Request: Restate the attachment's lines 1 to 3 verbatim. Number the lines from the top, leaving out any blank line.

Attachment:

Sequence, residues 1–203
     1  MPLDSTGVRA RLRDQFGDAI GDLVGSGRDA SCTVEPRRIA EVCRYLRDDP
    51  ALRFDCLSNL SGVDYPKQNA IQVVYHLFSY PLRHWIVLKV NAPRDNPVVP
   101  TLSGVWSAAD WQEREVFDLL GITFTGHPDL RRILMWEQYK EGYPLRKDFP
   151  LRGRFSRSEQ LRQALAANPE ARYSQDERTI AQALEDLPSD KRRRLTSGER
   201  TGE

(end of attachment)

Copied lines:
Sequence, residues 1–203
     1  MPLDSTGVRA RLRDQFGDAI GDLVGSGRDA SCTVEPRRIA EVCRYLRDDP
    51  ALRFDCLSNL SGVDYPKQNA IQVVYHLFSY PLRHWIVLKV NAPRDNPVVP